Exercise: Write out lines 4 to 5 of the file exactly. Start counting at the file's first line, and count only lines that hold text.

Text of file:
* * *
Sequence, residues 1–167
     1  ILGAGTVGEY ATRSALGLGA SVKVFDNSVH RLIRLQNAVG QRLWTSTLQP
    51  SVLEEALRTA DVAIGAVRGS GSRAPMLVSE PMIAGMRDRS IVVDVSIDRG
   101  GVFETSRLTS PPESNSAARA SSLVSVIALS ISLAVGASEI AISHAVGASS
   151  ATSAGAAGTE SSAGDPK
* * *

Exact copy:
   101  GVFETSRLTS PPESNSAARA SSLVSVIALS ISLAVGASEI AISHAVGASS
   151  ATSAGAAGTE SSAGDPK